How It Works: The Tennis Bubble

If the Amish played more tennis, I feel quite certain that this is the way they would go about winterizing their courts. Each fall they would gather friends and family and have a tennis court bubble raising. Essentially, that's the way it’s been done and undone by the folks at Vineyard Youth Tennis (VYT) in Oak Bluffs for the past dozen years – minus the strudel.

VYT provides free tennis instruction for hundreds of Island kids each year, and as with most nonprofits every dollar counts. “My predecessor hired a crew from New York,” explained executive director Scott Smith. “But that cost a lot of money. So when I took over I thought, well, there’s a good place where we can save some money; we’ll use volunteers.”

A small off-Island crew still supervises the operation, but the grunt work is done by local volunteers, who are often parents of kids in the program.

Two days prior to the bubble raising – generally in mid-October – the courts are cleared of all nets, benches, and teaching apparatuses and plastic is spread across the clay surface to keep the bubble top clean before it is inflated.

“On the day we put it up, we need between twenty and forty volunteers to spread the top out across the courts and get it in place,” explained Smith. It’s not unlike what you see when the crew rolls out the tarps at Fenway Park. Except, since the bubble has to withstand high winds and blizzards, if anything, it’s even heavier than a baseball tarp. “It’s hard,” said Smith, “we definitely work up a sweat.”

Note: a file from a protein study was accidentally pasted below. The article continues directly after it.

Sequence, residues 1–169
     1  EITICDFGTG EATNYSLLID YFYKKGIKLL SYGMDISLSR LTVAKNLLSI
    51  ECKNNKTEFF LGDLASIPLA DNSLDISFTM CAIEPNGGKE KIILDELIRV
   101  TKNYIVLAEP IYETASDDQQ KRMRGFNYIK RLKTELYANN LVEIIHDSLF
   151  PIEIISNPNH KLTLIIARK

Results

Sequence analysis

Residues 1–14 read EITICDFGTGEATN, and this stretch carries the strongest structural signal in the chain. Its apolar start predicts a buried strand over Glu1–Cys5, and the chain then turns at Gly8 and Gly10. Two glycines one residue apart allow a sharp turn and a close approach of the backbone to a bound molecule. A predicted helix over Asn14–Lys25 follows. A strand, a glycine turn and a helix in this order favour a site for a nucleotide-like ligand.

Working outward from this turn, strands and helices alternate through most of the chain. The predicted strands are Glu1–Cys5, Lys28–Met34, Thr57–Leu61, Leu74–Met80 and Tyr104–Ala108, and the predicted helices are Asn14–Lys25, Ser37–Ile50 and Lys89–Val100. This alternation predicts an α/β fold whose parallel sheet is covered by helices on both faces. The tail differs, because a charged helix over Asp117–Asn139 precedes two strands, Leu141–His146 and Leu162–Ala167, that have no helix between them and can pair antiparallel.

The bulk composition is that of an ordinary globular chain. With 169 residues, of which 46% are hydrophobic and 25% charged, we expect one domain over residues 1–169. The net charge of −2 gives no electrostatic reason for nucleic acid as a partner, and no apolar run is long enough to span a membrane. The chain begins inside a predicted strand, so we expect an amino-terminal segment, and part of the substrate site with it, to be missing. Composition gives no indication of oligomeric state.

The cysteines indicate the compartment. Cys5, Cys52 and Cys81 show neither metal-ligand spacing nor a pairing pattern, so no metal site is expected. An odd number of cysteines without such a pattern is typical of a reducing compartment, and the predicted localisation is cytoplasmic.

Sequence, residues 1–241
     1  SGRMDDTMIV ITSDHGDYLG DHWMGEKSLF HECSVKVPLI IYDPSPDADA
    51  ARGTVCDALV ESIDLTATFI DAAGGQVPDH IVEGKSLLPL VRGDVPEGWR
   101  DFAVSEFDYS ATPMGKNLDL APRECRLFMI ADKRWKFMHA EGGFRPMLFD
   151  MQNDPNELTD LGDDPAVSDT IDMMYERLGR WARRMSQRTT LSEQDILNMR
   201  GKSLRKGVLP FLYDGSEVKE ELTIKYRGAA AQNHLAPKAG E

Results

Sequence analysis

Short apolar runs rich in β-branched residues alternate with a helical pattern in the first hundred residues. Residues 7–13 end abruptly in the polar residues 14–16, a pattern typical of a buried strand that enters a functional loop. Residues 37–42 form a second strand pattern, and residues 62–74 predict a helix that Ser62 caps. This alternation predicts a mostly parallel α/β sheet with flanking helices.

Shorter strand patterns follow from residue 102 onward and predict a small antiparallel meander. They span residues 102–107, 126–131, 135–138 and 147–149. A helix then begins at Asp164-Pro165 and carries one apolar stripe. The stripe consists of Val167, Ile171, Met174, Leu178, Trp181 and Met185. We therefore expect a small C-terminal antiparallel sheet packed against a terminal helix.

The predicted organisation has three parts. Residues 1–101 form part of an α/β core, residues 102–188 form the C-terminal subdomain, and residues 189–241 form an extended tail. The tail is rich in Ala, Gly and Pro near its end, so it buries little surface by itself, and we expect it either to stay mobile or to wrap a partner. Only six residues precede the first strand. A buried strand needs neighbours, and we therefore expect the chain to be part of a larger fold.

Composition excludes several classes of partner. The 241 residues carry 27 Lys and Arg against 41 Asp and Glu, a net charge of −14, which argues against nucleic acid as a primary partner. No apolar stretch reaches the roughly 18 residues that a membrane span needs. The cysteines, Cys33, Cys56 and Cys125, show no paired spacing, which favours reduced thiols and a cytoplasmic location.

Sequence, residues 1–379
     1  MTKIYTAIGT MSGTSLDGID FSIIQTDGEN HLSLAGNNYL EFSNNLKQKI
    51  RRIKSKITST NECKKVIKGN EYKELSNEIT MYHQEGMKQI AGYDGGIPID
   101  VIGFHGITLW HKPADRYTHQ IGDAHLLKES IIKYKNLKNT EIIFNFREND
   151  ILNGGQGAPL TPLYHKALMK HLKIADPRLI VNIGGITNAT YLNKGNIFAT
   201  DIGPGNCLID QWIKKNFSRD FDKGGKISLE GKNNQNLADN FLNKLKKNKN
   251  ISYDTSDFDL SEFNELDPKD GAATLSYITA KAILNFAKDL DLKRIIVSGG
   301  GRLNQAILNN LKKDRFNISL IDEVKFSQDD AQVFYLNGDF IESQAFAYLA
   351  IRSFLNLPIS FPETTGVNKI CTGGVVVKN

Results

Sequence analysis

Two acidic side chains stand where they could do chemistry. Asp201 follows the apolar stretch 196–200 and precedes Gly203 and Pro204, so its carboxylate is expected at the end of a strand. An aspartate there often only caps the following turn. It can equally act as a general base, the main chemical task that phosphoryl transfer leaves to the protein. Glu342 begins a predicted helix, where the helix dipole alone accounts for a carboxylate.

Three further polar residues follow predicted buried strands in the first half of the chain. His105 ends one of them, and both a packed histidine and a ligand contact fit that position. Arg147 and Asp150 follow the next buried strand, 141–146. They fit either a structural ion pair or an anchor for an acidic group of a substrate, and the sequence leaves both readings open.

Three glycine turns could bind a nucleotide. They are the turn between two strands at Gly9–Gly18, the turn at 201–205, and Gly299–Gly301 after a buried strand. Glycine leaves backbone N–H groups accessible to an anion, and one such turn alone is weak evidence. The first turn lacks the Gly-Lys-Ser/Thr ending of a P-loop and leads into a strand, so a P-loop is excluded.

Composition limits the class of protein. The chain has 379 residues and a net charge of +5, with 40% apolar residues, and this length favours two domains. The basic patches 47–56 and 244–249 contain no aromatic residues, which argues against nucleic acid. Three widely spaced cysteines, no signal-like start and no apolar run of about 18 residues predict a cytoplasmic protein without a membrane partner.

The top comes in two sections that are attached together with bolts, and it is secured to the ground by feeding the edge into a slot. Then, during the fifteen minutes it takes to inflate, “taller volunteers” run in and attach the lights to the rising ceiling, while others spray foam into the inevitable leaks at the base.

It would be nice to think that once the bubble was up you were done for the season, but that’s wishful thinking. “The bubble’s a constant problem,” Smith said. “The engines fail, there are leaks. New England winters have been real hard on it.”

Two years ago, during a particularly severe winter storm, not only did the facility lose power, the back-up system failed as well and the bubble totally collapsed. However, all is not lost if the bubble collapses. “It’s possible that the lighting fixtures could break when the roof deflates,” said Smith, “and you have to be real careful when you reinflate the bubble to make sure it doesn’t get snagged on things like the nets or chairs, but so far we’ve been pretty lucky.”

He hopes that someday VYT will have a year-round facility and he won’t have to live in fear of blizzards or even worse – volunteers not showing up to help. But in the meantime, the old bubble has served the kids of the Vineyard well. Just make sure you keep the door shut. You don’t want to let the air out. 

Comments (1)

Constantin Parv
West Babylon New York
Firs I want to congratulate for the excellent job you doing on helping these kids enjoy this beautiful sport of tennis . I am a PE teacher and a tennis coach and would like to put a bubble for the winter on two courts which are never used.The courts are totally neglected and the nets are missing fore the past year or so. How can I get this project moving ?Help ......
January 27, 2017 - 12:43pm